Fibromyalgia is a chronic disorder and symptoms can wax and wane for long periods of time.
As with many other pain disorders, the symptoms of fibromyalgia vary from person to person. Symptoms can also differ in severity from day to day. And they may vary based on certain factors, like stress level and diet.
The main symptom of fibromyalgia is pain in the muscles, joints, and tendons. This pain can be widespread throughout the body. Many people describe it as a deep, dull ache within the muscles that gets worse with strenuous exercise.
The pain can also be throbbing, shooting, or burning. And it may radiate from areas of the body known as tender points, and can be accompanied by numbness or tingling in the limbs.
Pain is often worse in frequently used muscles like those in the hands, feet, and legs. Stiffness in these joints is also common.
Although not the case for all people with fibromyalgia, some report that the pain is more severe upon waking, improves during the day, and gets worse in the evening.
Tender points are spots on the body that become very painful even when only a small amount of pressure is applied. A doctor will often touch these areas lightly during a physical exam. Pressure on a tender point may also cause pain in areas of the body far away from the tender point.
There are nine pairs of tender points that are often associated with fibromyalgia:
- both sides of the back of the head
- both sides of the neck
- top of each shoulder
- shoulder blades
- both sides of the upper chest
- outside of each elbow
- both sides of the hips
- insides of the knees
The first diagnostic criteria for fibromyalgia, established by the American College of Rheumatology (ARC) in 1990, stated that there needed to be pain in at least 11 of these 18 points in order to make a fibromyalgia diagnosis.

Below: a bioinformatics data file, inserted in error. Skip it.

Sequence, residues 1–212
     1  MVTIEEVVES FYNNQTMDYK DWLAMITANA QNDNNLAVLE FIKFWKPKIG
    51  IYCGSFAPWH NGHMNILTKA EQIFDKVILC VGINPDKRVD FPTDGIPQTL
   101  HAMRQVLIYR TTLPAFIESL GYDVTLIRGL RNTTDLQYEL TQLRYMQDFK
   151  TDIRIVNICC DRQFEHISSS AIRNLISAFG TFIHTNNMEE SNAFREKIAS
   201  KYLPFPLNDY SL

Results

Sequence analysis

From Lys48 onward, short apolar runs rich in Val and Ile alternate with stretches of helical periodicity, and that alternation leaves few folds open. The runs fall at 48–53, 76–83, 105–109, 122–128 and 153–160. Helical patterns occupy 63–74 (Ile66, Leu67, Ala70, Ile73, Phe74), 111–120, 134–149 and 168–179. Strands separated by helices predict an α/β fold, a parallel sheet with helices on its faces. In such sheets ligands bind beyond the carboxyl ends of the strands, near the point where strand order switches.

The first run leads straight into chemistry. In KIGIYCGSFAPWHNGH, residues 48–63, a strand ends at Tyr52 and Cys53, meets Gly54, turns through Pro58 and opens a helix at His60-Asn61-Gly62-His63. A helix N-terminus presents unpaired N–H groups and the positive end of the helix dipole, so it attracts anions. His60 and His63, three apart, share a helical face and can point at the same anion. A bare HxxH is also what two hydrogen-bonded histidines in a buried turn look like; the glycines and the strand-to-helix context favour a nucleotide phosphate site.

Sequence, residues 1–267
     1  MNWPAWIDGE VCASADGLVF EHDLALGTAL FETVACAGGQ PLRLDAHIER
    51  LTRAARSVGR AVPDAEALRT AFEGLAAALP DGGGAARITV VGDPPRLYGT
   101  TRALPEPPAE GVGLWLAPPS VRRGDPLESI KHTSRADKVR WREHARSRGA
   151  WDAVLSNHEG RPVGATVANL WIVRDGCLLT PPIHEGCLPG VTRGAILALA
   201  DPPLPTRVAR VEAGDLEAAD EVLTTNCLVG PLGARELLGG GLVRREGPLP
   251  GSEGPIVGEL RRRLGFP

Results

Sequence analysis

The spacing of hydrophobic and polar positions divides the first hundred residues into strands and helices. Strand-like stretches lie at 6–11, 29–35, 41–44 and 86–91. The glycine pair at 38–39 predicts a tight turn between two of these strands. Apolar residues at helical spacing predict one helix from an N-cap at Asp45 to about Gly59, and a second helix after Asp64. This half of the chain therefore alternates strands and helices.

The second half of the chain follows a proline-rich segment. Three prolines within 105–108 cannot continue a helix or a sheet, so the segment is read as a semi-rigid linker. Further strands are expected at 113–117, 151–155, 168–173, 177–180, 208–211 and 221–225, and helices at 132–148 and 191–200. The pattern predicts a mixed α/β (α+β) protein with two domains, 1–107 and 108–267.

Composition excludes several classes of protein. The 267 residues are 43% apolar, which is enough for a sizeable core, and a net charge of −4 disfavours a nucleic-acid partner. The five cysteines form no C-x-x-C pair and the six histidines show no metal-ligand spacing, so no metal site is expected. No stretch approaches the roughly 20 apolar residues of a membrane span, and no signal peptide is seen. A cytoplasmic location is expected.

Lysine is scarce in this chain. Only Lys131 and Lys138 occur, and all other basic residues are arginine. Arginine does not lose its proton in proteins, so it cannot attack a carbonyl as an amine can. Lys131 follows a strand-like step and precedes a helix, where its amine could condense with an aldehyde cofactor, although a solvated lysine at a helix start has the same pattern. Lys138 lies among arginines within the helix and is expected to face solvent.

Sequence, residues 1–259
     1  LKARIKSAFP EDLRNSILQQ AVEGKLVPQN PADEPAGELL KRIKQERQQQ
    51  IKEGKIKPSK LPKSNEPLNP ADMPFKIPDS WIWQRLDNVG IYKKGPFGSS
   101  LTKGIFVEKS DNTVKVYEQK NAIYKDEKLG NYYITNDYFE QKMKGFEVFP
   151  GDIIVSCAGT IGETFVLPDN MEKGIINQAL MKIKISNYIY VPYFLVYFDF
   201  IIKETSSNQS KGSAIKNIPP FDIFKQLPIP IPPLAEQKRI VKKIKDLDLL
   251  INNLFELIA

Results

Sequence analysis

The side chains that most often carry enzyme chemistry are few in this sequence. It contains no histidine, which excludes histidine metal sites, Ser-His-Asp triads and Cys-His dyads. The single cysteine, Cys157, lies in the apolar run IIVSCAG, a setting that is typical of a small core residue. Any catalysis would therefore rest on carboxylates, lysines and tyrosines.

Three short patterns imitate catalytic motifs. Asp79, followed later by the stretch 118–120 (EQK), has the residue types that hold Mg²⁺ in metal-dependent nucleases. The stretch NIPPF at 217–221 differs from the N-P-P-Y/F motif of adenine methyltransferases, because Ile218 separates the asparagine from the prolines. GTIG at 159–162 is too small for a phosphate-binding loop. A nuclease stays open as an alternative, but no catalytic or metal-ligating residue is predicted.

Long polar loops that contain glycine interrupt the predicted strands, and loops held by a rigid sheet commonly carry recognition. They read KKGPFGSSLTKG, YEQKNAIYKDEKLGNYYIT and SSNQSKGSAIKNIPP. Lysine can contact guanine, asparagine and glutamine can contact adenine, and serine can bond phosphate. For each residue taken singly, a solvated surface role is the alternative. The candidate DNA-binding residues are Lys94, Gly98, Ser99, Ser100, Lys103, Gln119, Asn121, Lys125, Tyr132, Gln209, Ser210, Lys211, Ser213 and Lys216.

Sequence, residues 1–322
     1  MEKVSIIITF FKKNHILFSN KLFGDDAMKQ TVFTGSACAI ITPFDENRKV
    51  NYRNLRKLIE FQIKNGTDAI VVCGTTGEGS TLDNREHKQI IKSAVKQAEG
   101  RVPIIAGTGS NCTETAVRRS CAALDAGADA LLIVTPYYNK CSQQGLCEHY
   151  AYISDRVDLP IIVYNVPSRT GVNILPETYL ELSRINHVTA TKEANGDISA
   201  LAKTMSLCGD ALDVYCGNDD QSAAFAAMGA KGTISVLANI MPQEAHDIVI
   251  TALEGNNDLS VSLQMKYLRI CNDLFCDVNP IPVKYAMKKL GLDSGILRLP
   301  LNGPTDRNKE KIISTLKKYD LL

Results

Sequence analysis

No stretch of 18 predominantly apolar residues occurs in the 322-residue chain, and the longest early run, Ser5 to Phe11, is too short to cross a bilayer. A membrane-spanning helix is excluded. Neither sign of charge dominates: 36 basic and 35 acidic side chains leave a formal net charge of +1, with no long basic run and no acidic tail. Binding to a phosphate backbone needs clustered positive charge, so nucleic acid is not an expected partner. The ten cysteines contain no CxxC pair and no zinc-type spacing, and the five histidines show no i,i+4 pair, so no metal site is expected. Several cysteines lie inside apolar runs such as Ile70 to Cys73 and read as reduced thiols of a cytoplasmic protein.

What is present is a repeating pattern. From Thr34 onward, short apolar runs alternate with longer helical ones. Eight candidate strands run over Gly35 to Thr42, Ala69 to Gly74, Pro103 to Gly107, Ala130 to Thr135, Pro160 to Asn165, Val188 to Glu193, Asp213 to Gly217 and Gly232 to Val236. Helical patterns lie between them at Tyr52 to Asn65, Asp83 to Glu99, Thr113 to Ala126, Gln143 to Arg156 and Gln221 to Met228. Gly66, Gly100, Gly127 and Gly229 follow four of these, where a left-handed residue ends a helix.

Although the tender points are still considered to be important, their use in the diagnosis of fibromyalgia has decreased. In May 2010, the ACR developed new criteria, acknowledging that the diagnosis of fibromyalgia should not be based only on tender points or the severity of the pain symptoms. It should also be based on other constitutional symptoms.
Fatigue and fog
Extreme fatigue and exhaustion are common symptoms of fibromyalgia. Some people also experience “fibro fog,” a condition that may include difficulty concentrating, remembering information, or following conversations. Fibro fog and fatigue can make work and everyday activities difficult.
People with fibromyalgia often have difficulty getting to sleep, staying asleep, or reaching the deepest and most beneficial stages of sleep. This can be due to pain that wakes people repeatedly throughout the night.
A sleep disorder like sleep apnea or restless leg syndrome could also be to blame. Both of these conditions are associated with fibromyalgia.
Psychological symptoms are common since fibromyalgia may be related to imbalances in brain chemistry. These symptoms can also be caused by abnormal levels of certain neurotransmitters and even from stress from coping with the disorder.
Psychological symptoms include:
- post-traumatic stress disorder (PTSD)
People often use support groups to get help with these symptoms.
There are several other conditions that are more common among people with fibromyalgia than in the general population. Having these other conditions only increases the number of symptoms someone with fibromyalgia may have. These include:
- tension and migraine headaches
- irritable bowel syndrome
- restless legs syndrome
- chronic fatigue syndrome
- rheumatoid arthritis